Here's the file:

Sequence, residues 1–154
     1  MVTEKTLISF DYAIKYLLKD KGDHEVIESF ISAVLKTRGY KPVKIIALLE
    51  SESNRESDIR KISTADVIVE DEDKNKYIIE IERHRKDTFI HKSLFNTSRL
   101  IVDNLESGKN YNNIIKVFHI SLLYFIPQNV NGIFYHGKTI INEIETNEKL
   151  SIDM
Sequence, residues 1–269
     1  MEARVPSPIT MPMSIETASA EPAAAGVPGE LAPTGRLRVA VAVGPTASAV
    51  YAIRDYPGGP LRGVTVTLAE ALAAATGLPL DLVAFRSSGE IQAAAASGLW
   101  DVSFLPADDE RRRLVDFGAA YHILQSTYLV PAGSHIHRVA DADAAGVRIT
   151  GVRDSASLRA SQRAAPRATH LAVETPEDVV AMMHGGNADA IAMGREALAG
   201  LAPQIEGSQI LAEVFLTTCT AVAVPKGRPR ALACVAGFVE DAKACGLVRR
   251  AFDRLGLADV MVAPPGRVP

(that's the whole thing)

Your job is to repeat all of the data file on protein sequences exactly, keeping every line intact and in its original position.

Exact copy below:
Sequence, residues 1–154
     1  MVTEKTLISF DYAIKYLLKD KGDHEVIESF ISAVLKTRGY KPVKIIALLE
    51  SESNRESDIR KISTADVIVE DEDKNKYIIE IERHRKDTFI HKSLFNTSRL
   101  IVDNLESGKN YNNIIKVFHI SLLYFIPQNV NGIFYHGKTI INEIETNEKL
   151  SIDM
Sequence, residues 1–269
     1  MEARVPSPIT MPMSIETASA EPAAAGVPGE LAPTGRLRVA VAVGPTASAV
    51  YAIRDYPGGP LRGVTVTLAE ALAAATGLPL DLVAFRSSGE IQAAAASGLW
   101  DVSFLPADDE RRRLVDFGAA YHILQSTYLV PAGSHIHRVA DADAAGVRIT
   151  GVRDSASLRA SQRAAPRATH LAVETPEDVV AMMHGGNADA IAMGREALAG
   201  LAPQIEGSQI LAEVFLTTCT AVAVPKGRPR ALACVAGFVE DAKACGLVRR
   251  AFDRLGLADV MVAPPGRVP